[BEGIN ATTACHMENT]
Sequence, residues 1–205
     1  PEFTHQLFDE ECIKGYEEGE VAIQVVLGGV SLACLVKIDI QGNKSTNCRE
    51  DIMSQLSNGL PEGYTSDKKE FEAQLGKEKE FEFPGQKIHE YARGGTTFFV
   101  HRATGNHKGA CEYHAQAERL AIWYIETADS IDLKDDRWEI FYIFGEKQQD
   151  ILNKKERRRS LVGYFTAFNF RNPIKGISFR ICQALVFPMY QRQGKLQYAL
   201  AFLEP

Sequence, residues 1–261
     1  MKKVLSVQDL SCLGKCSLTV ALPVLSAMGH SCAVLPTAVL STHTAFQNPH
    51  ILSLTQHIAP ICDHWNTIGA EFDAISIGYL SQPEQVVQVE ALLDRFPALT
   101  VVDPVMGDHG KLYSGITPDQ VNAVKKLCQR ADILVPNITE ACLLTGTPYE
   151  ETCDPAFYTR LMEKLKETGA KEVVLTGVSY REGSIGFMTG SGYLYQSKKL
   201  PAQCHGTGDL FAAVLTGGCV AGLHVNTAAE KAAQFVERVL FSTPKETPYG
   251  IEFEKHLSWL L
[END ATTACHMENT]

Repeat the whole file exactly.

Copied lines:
Sequence, residues 1–205
     1  PEFTHQLFDE ECIKGYEEGE VAIQVVLGGV SLACLVKIDI QGNKSTNCRE
    51  DIMSQLSNGL PEGYTSDKKE FEAQLGKEKE FEFPGQKIHE YARGGTTFFV
   101  HRATGNHKGA CEYHAQAERL AIWYIETADS IDLKDDRWEI FYIFGEKQQD
   151  ILNKKERRRS LVGYFTAFNF RNPIKGISFR ICQALVFPMY QRQGKLQYAL
   201  AFLEP

Sequence, residues 1–261
     1  MKKVLSVQDL SCLGKCSLTV ALPVLSAMGH SCAVLPTAVL STHTAFQNPH
    51  ILSLTQHIAP ICDHWNTIGA EFDAISIGYL SQPEQVVQVE ALLDRFPALT
   101  VVDPVMGDHG KLYSGITPDQ VNAVKKLCQR ADILVPNITE ACLLTGTPYE
   151  ETCDPAFYTR LMEKLKETGA KEVVLTGVSY REGSIGFMTG SGYLYQSKKL
   201  PAQCHGTGDL FAAVLTGGCV AGLHVNTAAE KAAQFVERVL FSTPKETPYG
   251  IEFEKHLSWL L